This has created an opportunity. “Companies are thinking about how to use this global pause to jump ahead and differentiate themselves,” he said.
“We’re going from being a payer of claims to becoming a partner to our customers”
One way is to reframe the relationship with the customer. “We’re going from being a payer of claims to becoming a partner to our customers,” said Justin Gress, Director of Strategic Operations at AXA XL. “We’re trying to solve their business problems and not just their insurance problems.”
He highlighted AXA XL’s recently announced construction ecosystem to help companies in that sector manage risk easier by sharing real-time insights, both across a whole portfolio of projects but also at the individual jobsite level. “We’ve taken a variety of technologies and integrated them into one platform and we’re creating new tools, like a competitive claim benchmark, and helping them navigate this digital and automated world in a more customer friendly way,” said Gress.
AI and machine learning are key to this kind of innovation, helping companies crunch through huge datasets and surface insights that can help shape actions, calibrate pricing, and generate new propositions. “Client notes, policyholder information, chat data – once you start aggregating all of this, you are able to get a much better picture of the customer and you can predict behaviour,” said Thomas Sowinski of Berkshire Hathaway Homestate Companies. “In claims, for example, you can identify which claims might be litigated and give claims handlers the tools they need to do everything they can to mitigate that early.”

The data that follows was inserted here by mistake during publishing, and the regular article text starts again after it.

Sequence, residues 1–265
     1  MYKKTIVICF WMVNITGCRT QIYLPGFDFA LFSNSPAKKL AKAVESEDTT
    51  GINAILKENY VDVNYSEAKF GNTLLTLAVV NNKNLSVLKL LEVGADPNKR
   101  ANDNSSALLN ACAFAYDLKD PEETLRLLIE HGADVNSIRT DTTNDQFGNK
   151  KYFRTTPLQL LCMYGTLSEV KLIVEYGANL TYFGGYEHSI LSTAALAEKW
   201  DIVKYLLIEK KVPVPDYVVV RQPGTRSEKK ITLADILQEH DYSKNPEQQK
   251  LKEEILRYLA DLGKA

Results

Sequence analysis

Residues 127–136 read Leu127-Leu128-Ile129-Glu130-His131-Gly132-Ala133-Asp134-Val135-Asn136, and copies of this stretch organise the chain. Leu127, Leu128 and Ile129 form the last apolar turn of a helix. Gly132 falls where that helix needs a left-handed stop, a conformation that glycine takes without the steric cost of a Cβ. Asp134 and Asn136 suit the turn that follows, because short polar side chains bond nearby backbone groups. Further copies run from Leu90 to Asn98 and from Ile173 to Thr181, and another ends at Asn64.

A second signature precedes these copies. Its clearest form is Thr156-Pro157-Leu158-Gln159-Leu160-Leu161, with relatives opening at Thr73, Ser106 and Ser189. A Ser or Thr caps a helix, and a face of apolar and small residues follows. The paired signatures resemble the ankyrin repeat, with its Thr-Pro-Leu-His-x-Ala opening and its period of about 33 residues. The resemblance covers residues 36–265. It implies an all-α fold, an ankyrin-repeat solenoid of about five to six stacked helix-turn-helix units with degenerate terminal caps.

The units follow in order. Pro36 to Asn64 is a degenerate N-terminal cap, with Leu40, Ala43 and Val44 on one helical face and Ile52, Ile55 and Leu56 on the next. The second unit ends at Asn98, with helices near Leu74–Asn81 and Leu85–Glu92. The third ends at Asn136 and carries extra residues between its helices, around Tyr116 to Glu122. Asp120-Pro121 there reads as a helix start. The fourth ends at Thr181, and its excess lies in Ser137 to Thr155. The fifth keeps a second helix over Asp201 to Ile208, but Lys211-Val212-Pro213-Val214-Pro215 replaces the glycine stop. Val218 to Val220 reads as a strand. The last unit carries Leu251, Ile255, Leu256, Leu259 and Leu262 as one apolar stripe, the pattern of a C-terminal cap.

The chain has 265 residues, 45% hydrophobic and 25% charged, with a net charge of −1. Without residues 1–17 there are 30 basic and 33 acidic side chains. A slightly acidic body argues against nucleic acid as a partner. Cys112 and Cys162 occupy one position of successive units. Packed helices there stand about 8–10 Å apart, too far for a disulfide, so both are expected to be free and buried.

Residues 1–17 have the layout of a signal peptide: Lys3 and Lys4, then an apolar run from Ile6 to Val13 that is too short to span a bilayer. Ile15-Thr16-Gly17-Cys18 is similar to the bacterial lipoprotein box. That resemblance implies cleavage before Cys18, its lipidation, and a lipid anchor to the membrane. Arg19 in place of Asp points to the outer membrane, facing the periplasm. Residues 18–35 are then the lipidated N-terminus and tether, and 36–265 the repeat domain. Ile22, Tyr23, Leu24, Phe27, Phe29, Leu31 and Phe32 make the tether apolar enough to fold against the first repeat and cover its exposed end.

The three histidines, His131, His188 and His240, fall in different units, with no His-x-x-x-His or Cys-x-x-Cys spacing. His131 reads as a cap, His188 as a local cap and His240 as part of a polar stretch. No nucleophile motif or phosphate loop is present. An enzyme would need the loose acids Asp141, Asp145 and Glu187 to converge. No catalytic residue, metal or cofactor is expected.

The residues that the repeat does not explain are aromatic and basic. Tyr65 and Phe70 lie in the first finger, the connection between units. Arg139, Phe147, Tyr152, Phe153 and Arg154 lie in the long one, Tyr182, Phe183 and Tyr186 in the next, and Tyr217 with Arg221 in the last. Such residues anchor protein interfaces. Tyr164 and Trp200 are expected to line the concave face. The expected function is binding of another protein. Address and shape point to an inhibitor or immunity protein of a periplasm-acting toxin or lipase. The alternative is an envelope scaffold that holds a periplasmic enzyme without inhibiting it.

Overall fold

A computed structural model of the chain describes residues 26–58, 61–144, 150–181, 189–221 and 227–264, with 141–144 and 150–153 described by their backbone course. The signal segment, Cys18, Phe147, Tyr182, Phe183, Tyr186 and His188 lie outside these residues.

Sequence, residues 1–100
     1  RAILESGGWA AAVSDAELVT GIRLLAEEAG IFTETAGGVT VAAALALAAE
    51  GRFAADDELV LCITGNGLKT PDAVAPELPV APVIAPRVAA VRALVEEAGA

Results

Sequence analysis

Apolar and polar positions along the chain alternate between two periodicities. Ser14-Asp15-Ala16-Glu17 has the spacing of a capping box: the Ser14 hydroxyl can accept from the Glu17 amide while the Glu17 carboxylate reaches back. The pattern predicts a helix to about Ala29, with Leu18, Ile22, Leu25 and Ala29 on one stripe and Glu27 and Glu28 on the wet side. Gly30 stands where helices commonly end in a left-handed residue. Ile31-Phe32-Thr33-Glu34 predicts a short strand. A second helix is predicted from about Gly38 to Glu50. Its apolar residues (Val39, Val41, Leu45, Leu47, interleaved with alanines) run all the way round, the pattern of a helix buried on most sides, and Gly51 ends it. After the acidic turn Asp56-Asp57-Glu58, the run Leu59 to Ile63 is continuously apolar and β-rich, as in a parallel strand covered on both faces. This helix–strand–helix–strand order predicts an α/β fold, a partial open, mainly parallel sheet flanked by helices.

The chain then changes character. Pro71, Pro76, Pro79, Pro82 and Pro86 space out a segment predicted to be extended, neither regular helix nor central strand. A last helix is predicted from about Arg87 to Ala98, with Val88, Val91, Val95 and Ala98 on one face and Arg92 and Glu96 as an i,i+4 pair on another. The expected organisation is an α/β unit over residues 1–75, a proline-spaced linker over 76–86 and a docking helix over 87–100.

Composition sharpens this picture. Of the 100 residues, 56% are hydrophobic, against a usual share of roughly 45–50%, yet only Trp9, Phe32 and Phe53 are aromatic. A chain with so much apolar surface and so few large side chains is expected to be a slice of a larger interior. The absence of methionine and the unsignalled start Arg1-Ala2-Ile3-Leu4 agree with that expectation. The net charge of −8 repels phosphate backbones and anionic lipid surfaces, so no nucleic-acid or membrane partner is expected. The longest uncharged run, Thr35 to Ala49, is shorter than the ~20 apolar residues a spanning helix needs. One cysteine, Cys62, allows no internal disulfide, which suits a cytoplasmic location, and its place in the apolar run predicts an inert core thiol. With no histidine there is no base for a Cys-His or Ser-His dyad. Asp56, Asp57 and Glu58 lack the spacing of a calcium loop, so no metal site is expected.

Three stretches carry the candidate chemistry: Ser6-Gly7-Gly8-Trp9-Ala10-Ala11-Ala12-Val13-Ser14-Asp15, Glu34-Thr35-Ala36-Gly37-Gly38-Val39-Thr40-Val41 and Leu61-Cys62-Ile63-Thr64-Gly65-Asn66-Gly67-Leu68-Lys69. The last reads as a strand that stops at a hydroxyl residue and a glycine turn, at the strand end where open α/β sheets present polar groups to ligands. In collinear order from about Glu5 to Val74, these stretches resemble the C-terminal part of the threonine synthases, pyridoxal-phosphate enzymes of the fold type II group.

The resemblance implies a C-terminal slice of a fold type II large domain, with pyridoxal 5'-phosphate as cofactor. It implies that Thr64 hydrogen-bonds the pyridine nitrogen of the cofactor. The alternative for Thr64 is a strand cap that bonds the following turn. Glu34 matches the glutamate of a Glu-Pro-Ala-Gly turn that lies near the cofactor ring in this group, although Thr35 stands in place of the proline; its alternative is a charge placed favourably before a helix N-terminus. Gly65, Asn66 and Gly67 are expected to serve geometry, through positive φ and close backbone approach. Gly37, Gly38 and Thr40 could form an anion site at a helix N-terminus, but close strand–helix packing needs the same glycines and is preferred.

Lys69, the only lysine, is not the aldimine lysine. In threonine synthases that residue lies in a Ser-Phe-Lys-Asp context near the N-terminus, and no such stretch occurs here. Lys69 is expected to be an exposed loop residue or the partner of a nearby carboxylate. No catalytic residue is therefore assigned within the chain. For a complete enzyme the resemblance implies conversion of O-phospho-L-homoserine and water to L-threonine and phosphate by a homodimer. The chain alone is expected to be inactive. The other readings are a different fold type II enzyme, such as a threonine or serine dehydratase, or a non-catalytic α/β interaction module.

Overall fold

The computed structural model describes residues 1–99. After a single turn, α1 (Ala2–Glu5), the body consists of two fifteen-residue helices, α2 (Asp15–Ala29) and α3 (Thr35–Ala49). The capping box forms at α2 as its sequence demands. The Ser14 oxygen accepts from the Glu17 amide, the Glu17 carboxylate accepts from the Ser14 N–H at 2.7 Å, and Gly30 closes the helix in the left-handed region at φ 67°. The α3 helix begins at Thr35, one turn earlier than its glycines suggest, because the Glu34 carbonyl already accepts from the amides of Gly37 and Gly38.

To date, much of the industry’s front-end deployment of AI has focused on chatbots to help customers self-serve. “There’s an opportunity here to give the customers some true predictive analytics and views they have not seen before, much as benchmarks to compare to their peers and not just have that happen after a claim occurs but really partner with them from the get go,” said Justin Gress of AXA XL. “There’s a much bigger opportunity.”
Thomas Sowinski of Berkshire Hathaway Homestate Companies said he thinks that chatbots have their place now but will be overtaken by the rise of the virtual assistant. “Alexa and Siri have become part of our lives and that technology will become part of the business world, both within companies and in our interactions with customers, so that rather than going into an app to look for information we just speak to our voice activated virtual assistant,” he said, adding, however, that there are security concerns about the technology: “Who owns the recordings? Do we want Big Tech owning recordings of internal company business?”